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A small vocal tip with huge benefits. My last video was about vowel anchoring and "up and over" to avoid vocal fatigue. This one is about finding "your voice" by choosing where that vowel anchor sits along the soft palate.

 

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Twang is a vocal mode (physical structure + acoustics) where the glottis closes and tilts forward, adding more edging acoustics (simply put). What I'm talking about here, although at a very basic level in order to keep it quick, is that resonance sits along the soft palate helps add edging or curbing acoustics to the voice. The tongue helps move resonance, and thus acoustic overtones, across the soft palate - or hold it in place, at least in part, like I mentioned about "vowel anchoring." Extreme edging or extreme vocal twang causes Quack vocal mode, which is different than nasal. Edging acoustics in general sound be described as resonating more at the front of the mouth/soft-palate - Quack would be more hard palate focused. Nasal sounds tend to originate at the back of the mouth and then up and into the sinus cavities, much like you feel when humming on an "ng" sound.

I plan to do a few more videos soon concerning the acoustics and tension of the voice, such as sobbing for higher notes, stabilizing lower notes, and even one on emoting. Then I have a few planned for grit and screaming distortions.

I wore the hat because the sun was out. You should've seen how washed out everything looked from how bright it was before I added a filter! The goggles are on the hat because I like them and my production group, The Silent Still, has ties into neo-Victorian stories and the Steampunk community, so they are part of the wardrobe I've built up over the years. Thankfully, I moved away from the crocodiles years ago.

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     I know the subject is just a quick answer and is mainly about resonance in singing, but, in my own experience when someone is trying to find "Their singing voice" it is more like the difference between James Taylor, Elton John, Bob Dylan (in voice character).  The same person can sound like either of these and when changing resonance as you propose what changes is just the brightness or darkness not the character of the voice.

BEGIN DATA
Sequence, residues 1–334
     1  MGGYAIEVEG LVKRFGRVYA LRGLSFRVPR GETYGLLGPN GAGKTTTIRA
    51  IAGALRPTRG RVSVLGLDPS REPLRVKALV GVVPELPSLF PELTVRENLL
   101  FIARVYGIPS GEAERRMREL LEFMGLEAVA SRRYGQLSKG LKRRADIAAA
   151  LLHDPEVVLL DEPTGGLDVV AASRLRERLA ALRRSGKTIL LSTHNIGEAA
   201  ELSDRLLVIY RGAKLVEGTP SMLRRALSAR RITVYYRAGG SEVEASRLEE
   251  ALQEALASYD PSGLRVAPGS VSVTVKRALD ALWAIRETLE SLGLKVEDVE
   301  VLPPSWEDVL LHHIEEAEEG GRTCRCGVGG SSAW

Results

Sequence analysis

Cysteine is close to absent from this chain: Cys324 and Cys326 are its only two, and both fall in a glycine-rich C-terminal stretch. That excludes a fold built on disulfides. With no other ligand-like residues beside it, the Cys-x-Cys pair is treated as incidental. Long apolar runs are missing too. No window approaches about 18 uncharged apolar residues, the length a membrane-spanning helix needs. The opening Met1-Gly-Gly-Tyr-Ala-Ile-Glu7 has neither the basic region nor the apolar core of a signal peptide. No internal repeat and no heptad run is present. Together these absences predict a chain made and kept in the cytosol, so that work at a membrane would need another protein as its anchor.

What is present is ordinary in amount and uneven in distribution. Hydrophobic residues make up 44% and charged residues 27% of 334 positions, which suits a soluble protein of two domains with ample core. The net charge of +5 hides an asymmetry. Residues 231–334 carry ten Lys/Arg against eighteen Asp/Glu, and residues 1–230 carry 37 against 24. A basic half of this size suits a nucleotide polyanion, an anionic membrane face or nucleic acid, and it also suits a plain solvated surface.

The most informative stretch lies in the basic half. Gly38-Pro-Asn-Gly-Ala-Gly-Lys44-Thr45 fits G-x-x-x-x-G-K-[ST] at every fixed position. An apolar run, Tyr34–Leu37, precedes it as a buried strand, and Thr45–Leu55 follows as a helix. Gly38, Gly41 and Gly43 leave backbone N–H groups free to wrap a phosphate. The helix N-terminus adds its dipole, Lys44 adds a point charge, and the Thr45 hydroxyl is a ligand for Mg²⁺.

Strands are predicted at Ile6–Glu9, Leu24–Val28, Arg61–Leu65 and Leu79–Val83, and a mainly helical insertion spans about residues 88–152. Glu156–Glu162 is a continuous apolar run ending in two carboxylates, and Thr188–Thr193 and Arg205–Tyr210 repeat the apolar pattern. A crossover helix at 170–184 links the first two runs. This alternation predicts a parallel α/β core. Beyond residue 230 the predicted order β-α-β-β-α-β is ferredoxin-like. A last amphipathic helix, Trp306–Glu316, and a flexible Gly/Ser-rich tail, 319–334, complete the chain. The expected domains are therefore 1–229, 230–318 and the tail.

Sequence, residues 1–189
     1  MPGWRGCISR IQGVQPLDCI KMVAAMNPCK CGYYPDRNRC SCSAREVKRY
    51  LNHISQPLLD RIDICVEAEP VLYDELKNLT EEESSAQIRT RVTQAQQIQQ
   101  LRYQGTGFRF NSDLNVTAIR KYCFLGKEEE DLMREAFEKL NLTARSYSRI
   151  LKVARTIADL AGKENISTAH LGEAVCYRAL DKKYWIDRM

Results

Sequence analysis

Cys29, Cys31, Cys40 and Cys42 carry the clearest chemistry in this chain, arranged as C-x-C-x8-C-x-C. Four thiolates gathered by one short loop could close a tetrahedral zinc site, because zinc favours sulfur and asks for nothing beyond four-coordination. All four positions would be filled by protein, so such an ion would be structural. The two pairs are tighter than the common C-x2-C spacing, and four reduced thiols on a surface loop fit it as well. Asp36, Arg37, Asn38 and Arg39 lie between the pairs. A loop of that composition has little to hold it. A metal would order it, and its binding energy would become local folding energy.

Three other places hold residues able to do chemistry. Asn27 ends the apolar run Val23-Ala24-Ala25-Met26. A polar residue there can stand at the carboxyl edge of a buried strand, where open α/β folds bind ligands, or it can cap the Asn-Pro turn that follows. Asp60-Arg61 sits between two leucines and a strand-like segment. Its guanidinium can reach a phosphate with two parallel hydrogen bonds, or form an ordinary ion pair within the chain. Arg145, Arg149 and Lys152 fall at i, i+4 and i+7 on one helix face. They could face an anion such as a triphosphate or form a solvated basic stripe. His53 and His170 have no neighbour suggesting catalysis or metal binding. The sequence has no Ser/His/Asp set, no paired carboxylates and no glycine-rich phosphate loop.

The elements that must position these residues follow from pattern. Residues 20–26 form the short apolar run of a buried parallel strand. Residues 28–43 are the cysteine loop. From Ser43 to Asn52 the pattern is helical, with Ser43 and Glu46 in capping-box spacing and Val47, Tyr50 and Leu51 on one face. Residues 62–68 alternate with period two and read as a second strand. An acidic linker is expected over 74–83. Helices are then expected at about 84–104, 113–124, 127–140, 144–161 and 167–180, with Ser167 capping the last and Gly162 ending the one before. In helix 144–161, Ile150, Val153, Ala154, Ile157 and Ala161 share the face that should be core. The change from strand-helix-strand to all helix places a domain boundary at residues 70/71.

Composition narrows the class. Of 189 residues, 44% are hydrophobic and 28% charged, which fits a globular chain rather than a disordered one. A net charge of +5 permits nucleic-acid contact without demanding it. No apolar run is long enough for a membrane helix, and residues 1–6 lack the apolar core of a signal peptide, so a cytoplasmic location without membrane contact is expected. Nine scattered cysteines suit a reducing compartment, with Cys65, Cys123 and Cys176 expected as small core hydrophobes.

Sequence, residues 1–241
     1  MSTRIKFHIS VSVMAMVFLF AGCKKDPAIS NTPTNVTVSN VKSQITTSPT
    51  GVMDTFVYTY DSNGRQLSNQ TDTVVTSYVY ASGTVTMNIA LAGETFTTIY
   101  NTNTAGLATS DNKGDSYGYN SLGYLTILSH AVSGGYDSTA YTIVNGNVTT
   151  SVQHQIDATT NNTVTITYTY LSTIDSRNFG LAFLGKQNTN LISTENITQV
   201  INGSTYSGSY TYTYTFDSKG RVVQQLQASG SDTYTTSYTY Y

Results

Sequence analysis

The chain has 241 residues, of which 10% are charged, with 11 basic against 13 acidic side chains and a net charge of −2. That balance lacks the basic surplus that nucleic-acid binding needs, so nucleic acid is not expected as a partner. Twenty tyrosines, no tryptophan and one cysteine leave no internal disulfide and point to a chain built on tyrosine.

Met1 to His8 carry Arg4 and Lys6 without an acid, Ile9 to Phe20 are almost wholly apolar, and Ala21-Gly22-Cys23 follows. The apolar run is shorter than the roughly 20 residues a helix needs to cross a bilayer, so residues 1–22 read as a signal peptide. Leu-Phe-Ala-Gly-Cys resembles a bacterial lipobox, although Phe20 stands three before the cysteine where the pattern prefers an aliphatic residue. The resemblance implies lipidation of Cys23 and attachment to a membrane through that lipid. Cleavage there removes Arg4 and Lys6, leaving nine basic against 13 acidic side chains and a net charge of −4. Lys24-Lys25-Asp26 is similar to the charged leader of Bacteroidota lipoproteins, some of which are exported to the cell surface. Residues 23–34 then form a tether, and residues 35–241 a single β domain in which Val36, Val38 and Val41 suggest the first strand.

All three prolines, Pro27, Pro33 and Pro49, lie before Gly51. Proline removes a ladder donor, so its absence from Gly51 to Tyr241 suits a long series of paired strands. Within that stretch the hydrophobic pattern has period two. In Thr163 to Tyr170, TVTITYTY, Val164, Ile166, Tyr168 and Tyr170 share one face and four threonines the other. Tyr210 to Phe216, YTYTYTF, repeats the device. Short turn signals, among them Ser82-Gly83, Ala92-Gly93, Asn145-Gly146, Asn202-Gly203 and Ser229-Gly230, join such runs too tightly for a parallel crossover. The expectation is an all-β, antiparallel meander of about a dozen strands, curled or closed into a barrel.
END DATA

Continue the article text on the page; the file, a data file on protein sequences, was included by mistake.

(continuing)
In my own case, I have three octaves available to me for singing but for the notes to be solid the character changes.Just for arguments sake let use Waylon Jennings as the bottom end, Willy Nelson as the middle and Neil Young at the top. And I can stay "Connected" by gradually switching through the three voices but to sound like the same voice from bottom to top does not work.

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@MDEW, I'm talking about a lot more than just tonality. While you can change tonality  this way, I was talking about choosing the underlining sound color of your voice, *including consistency across your range, by anchoring your vowels to one spot -- finding a sound color you like in general, and then forming all of your vowels in that single spot on the soft palate. You will still experience the pressure of the voice moving deeper into the soft palate and adding curbing overtones, but you want to stay tethered/anchored to the chosen vowel resonance anchor spot regardless of the other acoustics and physical modes happening with it. This will keep you consistent in  "your voice." 

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I'll make my next video put these last two together with a solid exercise and a bit more of an explanation of how they work together.

Consequently, changing your vowel anchor also changes your annunciation/accent a bi (which I believe I mentioned too). And as I said in the video, it tends to move other muscle groups, such as dampening or tilt of the larynx, without having to directly control them - thus changing the character of the voice, not just tonality.

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